Putting our Howes in order - January 2020

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Putting our Howes in order - January 2020

Post by mardler »

Well, happy new year, folks. Hope everyone had a good one. During January, we added 1,200 people to our database finishing with just over 163,500 people, a pleasing way to start our 13th year of research.

Howes Genealogy
Regular readers may recall that we have kindly been given permission by the Dennis Historical Society to use the contents of the book of the above name, which they published in 2006 and still have for sale if you are interested. I'm pleased to say that in January we added the information for families listed on pages 51-100, maintaining our steady pace. If we can keep that pace up, we should be done by December 2020. As we have worked through the last 50 pages, some interesting facts have emerged beyond those I mentioned last month:
- on October 3, 1841 no fewer than 12 Howes men of the villages of Dennis and Yarmouth on Cape Cod died, including three brothers on a single ship. This is the single worst day for death in the history of our clan. 26 men from the area died, of whom 14 are in our database. As you can see from this and the linked articles, 190 ships were lost up the Eastern seaboard, most of them on Cape Cod. Dennis had it bad, but the village of Truro lost 57 men. https://historicipswich.org/2019/10/08/ ... e-of-1841/

- our count of Howes / Howes marriages is now up to 207 (!) with all the additions coming from Cape Cod. Well done to William Howes (https://howesfamilies.com/getperson.php ... ee=Onename) who married two women, both named Lydia Howes!

- you can tell fishing communities tended to stick together. Ezra Howes (https://howesfamilies.com/getperson.php ... ee=Onename) and Anna Allen had five daughters. Every single one of them married a man named Kelley!

RootsTech news
Next month's newsletter may be delayed a few days as I will be at RootsTech in Salt Lake City. Will any of our readers be there? Do let me know via email or contact me direct through the RootsTech App.

Doesn't matter if you can't be there. There are many options open to you even if you can't.
- Watch live streaming. Here is the full schedule of events that you can watch for free via the web: https://www.rootstech.org/salt-lake/liv ... m-schedule. This includes all of the Keynote speakers., whom I recommend, particuarly Steve Rockwood whom I interviewed last year. Having seen keynote sessions before, I guarantee you will not be let down. All the keynotes have interesting and inspiring stories to relate.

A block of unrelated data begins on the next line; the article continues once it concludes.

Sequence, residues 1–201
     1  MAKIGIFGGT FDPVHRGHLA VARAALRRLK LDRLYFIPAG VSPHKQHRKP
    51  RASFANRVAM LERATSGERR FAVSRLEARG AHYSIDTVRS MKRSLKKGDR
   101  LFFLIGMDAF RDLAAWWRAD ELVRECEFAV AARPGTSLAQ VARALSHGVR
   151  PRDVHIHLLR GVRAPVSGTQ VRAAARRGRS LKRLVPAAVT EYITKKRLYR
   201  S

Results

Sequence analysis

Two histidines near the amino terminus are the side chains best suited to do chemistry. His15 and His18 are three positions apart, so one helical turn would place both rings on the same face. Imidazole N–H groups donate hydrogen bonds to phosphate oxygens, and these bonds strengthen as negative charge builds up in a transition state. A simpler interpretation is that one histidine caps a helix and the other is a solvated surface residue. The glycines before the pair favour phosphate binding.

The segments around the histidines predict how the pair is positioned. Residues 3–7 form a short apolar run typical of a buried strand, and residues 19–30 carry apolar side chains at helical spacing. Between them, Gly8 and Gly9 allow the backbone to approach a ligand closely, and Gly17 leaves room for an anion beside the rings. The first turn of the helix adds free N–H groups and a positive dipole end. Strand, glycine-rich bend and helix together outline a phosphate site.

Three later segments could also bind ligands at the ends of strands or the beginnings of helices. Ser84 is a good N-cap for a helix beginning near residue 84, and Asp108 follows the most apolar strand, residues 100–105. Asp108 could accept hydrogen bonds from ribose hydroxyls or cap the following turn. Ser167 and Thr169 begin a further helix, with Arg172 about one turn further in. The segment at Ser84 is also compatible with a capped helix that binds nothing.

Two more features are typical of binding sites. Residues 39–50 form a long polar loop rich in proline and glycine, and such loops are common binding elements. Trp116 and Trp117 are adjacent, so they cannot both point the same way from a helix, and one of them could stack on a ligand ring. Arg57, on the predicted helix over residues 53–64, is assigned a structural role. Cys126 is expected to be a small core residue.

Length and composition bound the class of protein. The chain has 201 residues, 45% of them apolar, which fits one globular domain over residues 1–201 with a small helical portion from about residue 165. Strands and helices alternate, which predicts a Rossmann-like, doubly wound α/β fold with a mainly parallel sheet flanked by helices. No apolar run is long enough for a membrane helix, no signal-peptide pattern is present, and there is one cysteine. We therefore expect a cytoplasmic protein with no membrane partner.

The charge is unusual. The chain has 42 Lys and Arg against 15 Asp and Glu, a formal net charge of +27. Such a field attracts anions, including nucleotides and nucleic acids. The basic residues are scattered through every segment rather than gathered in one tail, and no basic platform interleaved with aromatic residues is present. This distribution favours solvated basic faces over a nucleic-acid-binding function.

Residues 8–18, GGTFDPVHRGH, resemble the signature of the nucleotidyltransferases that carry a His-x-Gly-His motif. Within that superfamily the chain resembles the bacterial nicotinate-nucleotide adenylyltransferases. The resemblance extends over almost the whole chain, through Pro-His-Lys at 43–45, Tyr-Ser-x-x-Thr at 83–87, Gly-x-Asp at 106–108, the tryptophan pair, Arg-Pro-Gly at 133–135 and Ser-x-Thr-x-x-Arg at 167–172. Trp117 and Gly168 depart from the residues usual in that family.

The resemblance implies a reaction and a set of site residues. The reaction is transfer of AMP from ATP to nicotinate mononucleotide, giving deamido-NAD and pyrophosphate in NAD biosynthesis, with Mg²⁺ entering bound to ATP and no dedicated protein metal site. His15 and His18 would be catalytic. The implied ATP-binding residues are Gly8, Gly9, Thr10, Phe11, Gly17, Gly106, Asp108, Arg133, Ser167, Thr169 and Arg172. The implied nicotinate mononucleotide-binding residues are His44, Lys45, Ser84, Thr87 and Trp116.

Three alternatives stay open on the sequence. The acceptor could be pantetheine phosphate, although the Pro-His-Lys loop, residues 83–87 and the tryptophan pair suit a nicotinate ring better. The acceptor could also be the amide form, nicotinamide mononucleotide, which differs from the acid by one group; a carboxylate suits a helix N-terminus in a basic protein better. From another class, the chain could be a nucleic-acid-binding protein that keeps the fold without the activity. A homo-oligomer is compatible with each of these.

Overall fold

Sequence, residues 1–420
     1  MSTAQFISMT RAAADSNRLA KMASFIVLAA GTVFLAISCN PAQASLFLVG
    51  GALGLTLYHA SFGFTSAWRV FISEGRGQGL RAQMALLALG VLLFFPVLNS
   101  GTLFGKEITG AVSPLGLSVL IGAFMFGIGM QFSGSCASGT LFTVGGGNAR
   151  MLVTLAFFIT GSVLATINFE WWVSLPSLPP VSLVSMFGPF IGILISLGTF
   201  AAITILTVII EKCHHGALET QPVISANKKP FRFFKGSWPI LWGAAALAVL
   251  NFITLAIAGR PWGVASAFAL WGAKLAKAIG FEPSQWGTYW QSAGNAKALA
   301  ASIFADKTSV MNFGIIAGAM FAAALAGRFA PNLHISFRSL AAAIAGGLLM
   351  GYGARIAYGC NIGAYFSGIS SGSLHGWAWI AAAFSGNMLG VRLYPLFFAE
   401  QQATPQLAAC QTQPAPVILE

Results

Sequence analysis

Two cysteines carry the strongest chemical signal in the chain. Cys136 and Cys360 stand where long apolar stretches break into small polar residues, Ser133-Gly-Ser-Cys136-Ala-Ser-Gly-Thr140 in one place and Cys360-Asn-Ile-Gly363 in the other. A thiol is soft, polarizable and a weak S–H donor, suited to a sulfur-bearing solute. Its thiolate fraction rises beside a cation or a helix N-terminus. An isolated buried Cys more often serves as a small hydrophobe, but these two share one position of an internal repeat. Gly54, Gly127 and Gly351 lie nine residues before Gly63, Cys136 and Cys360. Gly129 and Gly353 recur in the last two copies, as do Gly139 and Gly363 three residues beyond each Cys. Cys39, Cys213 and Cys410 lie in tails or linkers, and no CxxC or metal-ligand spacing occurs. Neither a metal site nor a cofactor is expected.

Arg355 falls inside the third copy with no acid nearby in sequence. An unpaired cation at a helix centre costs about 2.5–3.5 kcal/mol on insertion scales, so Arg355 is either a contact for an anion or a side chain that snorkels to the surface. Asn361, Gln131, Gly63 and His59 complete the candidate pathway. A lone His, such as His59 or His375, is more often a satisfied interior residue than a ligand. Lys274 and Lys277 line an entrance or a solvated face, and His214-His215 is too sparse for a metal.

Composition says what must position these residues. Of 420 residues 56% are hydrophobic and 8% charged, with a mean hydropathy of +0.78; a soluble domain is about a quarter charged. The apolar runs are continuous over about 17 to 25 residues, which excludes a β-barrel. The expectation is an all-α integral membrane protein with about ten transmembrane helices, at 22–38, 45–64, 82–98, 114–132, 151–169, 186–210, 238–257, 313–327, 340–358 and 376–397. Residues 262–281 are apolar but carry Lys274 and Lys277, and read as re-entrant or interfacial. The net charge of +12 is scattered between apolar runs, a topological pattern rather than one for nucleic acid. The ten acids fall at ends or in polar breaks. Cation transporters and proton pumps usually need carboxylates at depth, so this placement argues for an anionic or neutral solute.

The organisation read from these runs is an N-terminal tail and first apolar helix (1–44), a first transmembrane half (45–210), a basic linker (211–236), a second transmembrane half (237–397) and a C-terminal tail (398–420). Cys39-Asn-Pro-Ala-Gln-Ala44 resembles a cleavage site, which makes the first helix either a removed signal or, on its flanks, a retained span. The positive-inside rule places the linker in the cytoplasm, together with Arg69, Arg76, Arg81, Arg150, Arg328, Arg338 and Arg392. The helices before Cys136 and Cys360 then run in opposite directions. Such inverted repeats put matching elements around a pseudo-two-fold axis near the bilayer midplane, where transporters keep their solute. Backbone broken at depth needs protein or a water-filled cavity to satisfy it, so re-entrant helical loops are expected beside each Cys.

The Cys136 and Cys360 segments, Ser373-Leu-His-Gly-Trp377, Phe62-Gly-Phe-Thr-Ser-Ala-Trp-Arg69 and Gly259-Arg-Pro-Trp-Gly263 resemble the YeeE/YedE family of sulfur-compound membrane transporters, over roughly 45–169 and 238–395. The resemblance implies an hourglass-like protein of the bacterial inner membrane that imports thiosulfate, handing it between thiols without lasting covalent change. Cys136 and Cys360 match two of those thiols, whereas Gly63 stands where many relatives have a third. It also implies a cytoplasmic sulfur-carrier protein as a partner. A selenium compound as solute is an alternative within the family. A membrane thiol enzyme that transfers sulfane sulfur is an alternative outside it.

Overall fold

- purchase a virtual pass for US$79. In addition to the events you can watch for free via the web, there are another 30 lectures that will be recorded and available for viewing through September 2020. Check here for a full list: https://www.rootstech.org/salt-lake/virtual-pass

Another free event!
The good folks at MyHeritage have just announced a FREE global conference. It's quite innovative, because it will run for 24 hours but be available everywhere anyone has a web connection. It's open to all and completely free of charge.

The marathon will begin on Thursday, March 12 at 5 P.M. Eastern U.S. time (Friday, March 13 at 8 A.M. Sydney time) and end on Friday, March 13, at 5 P.M. eastern U.S. time (Saturday, March 14 Sydney time). Each lecture will be 45 minutes long, including 10 minutes for questions at the end.

Here is a complete list of speakers, topics, time zones AND a Register button. Remember: it's free!
https://familytreewebinars.com/intermed ... iply_nm=24

Howes in the news
1) Back last year I mentioned a British Astronomer named Nick Howes. Well, he's not alone! There's another Howes in the star-gazing community, or could I call it firmament?! Louise Howes has found the earliest stars in our galaxy dating from before the founding of the Milky Way. Read on: https://dailygalaxy.com/2020/01/from-be ... ys-center/
2) I hesitated about sharing this one, because it's in rather bad taste, as judged by modern eyes. But two things one learns from studying family history: (a) you cannot judge people's past behavior by our standards of today, and (b) when you have a large database you have a huge variety of people in your study and you have to accept that the tail ends of normal distributions are very long indeed. So with a certain health warning, let me offer this 'gem': Love Letters to Hitler, one of which was composed by Hannah Cushman Howes, wife of Ralph Holt Howes, not yet in our database:
https://boingboing.net/2020/01/23/love- ... itler.html

Not quite free but cheap
Even more birth and death "un-certificates" are now available for England and Wales. These are electronic copies, exactly like regular certificates but without that certificate seal on them. They're now available for births up to 1919 as before but then from 1984-2004 too, AND for deaths up to 1957 as before but then from 1984 to 2019 too. East costs only £7 if you order direct from the GRO. Marvelous!
There's been a lot of action on Irish records too. I'll cover those next month.

My wanderings
As you know, I'll be in Salt Lake City at the end of February. I'm also going to be in Boston, Massachusetts at the New England Historic Genealogical Society for two or three days of research next week. On March 14 I will be speaking at the North Florida Genealogy Conference (nfgenealogyconference.com) about finding your overseas ancestors and using modern British records. Than later in March, on 19th, I will be speaking to another local genealogy society in Ormond Beach, Florida. If you're in any of these areas and would like to meet, let me know.
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